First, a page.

[LMB] Heavyhandedness and Rob S. Pierre, was: What are warts to me.

Marc Wilson marc.wilson at gmx.co.uk
Fri Oct 31 17:22:52 GMT 2014


On Fri, 31 Oct 2014 08:42:56 -0500, beatrice_otter at haugensgalleri.com
wrote:

>
>I'm interested in the difference between US and UK useage, actually.  We
>have a lot of official forms that ask for first name, last name, and
>middle initial--on official forms, it's more common to ask for an initial
>than the whole name.  The statewide assessment tests in school, in fact,
>may be where I started including my middle initial.

We get the same thing- though partly because a lot of websites are
designed for US usage.  It seems that it's practically a legal
requirement to have a middle name!  Some sites are very reluctant to
accept a name with no middle name/initial (I gather that the Army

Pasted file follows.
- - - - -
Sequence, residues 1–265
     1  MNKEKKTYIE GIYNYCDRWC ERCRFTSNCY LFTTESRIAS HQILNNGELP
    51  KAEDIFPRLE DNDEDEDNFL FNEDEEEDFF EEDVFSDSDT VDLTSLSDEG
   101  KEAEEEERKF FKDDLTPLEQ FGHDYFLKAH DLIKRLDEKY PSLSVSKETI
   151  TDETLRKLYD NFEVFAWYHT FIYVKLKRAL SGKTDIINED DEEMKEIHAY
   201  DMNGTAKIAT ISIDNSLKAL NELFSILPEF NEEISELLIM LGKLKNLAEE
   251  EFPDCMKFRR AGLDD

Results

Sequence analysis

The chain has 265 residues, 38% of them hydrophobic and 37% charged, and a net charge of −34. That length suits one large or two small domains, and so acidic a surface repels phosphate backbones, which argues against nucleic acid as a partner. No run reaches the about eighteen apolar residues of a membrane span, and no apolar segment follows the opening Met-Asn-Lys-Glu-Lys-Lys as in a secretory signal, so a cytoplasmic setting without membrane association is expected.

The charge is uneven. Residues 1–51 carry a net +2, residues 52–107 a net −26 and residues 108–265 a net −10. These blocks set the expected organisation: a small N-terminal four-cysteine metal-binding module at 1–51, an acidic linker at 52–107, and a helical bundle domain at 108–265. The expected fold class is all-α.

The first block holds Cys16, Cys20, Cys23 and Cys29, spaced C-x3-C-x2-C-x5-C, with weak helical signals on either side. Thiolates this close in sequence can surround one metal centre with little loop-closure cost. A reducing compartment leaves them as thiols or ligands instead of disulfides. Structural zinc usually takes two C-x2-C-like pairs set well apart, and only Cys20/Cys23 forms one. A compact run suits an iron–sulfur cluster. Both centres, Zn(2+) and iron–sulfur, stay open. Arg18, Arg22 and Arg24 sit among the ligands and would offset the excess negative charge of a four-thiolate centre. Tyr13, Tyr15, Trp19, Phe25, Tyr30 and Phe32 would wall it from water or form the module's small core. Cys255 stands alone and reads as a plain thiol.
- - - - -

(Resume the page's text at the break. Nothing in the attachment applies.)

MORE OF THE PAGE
requires you to specify "none" as your middle name, should you not have
one - e.g. "Jack none Reacher").

Here, a lot of sites don't even ask.  Some official ones will ask, and
some even mandate full name with any and all middle names (e.g. my
driving licence has the full set).

It's more common to be asked for initials/middle name(s) on forms, and
in some cases they're insistent on the whole set.  What you don't often
see is the canonical US-style form with room for just one initial.

Interestingly, going back to the discussion about the way names are
formed, my business partner and I have names built on an identical
template:

Given name - Father's given name - Mother's maiden name - surname.

We only met at university, and come from quite different locations and
backgrounds, so it's not a location/community thing.  

When I worked in Holland, some people assumed I was a Catholic, because
I had so many names- so there, it's a signifier.  Tony *is* from a
Catholic background, but I'm not.  
-- 

Marc

"Don't you try to outweird me. I get stranger things than you free with my breakfast cereal." -Zaphod Beeblebrox


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